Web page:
As Minerva began listing the new staff members, I let my eyes sweep over the table, lingering on the new faces, and the empty chairs. Little Theresa Bell, the new Charms professor, nearly as tiny as her predecessor. Charlie Weasley, broad-shouldered and freckled but still seeming not nearly large enough to fill Hagrid's enormous shoes. Edwina Casey, dark-haired and scarf draped, but not in the least misty-eyed. Firing Sybil and hiring her had been one of Minerva's first acts as Headmistress, and she done it with such relish that I suspected she had been fantasizing about it for years.
"The Forbidden Forest is still off limits to all students," Minerva continued. "And I am pleased to announce that, contrary to rumour, there will be a Quidditch Cup this year. Trials will be held three weeks from now. And now, let us eat."
Minerva sat down again, as the traditional golden dishes and platters began appearing on the tables. A hum of voices began to rise above the clatter of knives and forks as the students fell to.
"I'm going to try out for quidditch this year. Gryffindor needs a new seeker."
"Dennis is going to get the position; Ginny Weasley's already told me. She's captain, you know."
"Sweet Merlin, the new Transfiguration professor is hot!"
"Yeah, hot and married. See? He's got a ring."
"Eeew! He's not hot; he's old. He's got to be thirty at least."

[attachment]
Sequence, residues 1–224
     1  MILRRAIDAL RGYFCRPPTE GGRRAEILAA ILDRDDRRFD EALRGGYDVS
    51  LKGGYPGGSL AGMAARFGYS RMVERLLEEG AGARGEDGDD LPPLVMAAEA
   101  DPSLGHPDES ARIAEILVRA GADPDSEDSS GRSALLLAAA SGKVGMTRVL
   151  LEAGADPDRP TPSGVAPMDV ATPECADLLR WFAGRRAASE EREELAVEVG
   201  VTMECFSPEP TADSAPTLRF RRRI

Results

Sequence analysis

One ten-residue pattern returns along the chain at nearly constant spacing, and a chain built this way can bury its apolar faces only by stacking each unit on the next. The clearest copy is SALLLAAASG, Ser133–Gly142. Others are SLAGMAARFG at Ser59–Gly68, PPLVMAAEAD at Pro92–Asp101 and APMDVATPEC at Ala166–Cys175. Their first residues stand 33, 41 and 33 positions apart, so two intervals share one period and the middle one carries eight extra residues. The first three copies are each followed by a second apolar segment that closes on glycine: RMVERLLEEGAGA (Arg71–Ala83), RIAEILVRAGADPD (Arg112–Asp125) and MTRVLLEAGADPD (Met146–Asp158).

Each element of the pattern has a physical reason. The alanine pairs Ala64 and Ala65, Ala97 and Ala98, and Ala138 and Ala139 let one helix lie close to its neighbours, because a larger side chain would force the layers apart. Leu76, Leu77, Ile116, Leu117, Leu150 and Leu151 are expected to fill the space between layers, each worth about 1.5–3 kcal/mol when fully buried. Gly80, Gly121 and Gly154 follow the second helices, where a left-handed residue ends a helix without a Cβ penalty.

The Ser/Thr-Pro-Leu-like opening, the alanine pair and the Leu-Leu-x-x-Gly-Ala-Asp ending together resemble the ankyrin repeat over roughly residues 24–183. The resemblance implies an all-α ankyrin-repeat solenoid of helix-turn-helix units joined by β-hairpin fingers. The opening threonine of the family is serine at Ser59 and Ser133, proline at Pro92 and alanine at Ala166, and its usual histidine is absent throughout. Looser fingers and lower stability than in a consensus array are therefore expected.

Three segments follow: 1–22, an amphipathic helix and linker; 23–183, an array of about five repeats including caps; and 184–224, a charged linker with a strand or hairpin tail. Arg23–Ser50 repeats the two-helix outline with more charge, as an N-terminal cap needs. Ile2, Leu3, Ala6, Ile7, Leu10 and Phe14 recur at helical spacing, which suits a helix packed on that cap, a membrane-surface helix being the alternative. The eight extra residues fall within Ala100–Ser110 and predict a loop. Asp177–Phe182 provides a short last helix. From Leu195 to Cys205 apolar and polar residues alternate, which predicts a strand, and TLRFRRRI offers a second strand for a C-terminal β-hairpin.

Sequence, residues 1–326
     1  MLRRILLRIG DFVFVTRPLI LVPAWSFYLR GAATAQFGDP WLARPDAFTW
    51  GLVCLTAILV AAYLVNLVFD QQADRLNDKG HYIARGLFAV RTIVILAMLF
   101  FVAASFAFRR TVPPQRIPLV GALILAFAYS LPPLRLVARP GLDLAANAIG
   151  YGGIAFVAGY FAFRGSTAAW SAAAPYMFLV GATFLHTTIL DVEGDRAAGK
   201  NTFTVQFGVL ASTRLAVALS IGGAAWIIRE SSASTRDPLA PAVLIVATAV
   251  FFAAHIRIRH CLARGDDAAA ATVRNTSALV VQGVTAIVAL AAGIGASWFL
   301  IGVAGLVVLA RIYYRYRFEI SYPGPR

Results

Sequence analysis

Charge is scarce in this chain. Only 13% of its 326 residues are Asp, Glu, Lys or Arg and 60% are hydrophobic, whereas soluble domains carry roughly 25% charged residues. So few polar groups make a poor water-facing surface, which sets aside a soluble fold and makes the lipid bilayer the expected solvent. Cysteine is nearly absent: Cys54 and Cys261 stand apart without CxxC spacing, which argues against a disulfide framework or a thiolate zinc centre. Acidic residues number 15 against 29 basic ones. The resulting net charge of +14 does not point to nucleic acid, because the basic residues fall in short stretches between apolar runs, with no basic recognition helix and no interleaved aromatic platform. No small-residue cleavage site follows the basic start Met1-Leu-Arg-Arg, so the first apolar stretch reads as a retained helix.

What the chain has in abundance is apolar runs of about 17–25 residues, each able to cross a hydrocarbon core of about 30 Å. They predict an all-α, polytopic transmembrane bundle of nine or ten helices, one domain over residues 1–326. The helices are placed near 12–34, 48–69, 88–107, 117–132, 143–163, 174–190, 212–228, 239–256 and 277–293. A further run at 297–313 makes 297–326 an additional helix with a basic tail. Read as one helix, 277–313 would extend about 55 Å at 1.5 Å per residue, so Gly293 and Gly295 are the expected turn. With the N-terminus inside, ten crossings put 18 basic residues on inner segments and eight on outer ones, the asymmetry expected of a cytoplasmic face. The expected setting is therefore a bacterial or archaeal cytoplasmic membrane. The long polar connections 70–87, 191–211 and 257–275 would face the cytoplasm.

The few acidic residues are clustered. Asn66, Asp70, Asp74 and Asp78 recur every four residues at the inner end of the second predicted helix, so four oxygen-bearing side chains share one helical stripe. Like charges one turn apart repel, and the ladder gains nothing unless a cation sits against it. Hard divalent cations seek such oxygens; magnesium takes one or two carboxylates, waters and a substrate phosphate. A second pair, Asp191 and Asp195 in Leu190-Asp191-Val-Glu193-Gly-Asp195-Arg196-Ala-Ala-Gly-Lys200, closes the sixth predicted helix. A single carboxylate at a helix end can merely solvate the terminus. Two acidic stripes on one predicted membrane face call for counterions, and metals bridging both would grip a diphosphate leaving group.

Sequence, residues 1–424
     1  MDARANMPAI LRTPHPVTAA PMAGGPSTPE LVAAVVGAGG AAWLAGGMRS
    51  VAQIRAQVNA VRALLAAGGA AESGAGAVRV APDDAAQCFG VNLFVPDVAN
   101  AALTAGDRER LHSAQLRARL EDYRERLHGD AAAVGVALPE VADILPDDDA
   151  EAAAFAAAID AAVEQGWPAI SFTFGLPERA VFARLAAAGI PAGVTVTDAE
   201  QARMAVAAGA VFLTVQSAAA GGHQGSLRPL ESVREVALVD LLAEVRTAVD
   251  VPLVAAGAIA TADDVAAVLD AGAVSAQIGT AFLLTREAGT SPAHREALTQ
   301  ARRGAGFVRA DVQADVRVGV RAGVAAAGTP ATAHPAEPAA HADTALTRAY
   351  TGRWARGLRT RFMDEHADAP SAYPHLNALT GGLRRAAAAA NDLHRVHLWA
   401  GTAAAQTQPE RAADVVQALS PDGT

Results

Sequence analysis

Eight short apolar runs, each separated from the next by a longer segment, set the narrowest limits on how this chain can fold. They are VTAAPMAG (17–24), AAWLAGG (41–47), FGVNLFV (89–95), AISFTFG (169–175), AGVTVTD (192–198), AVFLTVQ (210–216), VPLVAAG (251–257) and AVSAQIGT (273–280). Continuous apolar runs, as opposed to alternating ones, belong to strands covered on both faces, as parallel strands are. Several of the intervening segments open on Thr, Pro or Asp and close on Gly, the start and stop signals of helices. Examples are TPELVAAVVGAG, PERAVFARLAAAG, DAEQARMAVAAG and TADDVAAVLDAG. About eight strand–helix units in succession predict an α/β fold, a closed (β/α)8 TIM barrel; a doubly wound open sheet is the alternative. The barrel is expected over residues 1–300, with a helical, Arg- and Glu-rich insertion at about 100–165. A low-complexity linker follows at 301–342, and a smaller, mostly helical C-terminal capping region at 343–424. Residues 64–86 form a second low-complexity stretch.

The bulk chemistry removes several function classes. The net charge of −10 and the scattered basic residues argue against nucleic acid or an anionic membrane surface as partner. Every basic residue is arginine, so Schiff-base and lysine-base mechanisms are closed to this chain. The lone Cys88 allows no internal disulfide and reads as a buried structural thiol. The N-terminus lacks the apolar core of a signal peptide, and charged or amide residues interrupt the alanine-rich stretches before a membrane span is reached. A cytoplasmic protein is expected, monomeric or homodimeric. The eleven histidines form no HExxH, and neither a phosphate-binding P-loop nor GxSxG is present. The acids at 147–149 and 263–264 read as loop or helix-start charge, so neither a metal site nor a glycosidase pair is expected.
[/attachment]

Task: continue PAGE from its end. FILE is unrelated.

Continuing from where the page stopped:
"I think I'm going to drop Arithmancy this year. It just won't be the same without Professor Vector."
"I'm so glad my parents agreed to let me come here. They almost didn't after all that stuff that happened last year."
I sat back and let the sound of the chatter wash over me. It was so normal, so cheerful. Just what I needed to wash the sorrow and tension of the past few months away. I tried not to focus on the handful of empty spaces among the seventh years, the black armbands worn by so many students in remembrance of lost relatives. Even there, the war had left its marks. As it had marked all of us, I as well.
I had never been in battle before; Ravenclaws tend more towards the Ivory Tower academic than the bloody-wanded warrior. It was noisy, and hot, though the day had been cold, and the air was filled with the scent of ozone and blood, the reek of burned flesh from the Weasley twins' explosions, and the choking feel of too much magic.
There is a face of humanity that we strive to keep hidden, a stark, naked savagery that most of us, if we are lucky, never have to encounter, and that day I came face to face with it. Not only in the enemy, but in us.
I fell in love with Sirius's smile, with his rueful humour and fierce loyalty, his encyclopedic knowledge of the heavens that were my own specialty and passion. With the soft silkiness of his fur, and with the pain he kept hidden inside, the scars on his wrist from Azkaban that he let no one see. I had seen him laugh, seen him cry, watched him fetch sticks for Harry on the Hogwarts lawn and seen his face when I kissed him, but I had never before seen him kill. I had not expected him to be so good at it. He and Remus fought together with a savagery that seemed more animal than human, using fists, knives, and in Sirius's case, fangs, as often as wands.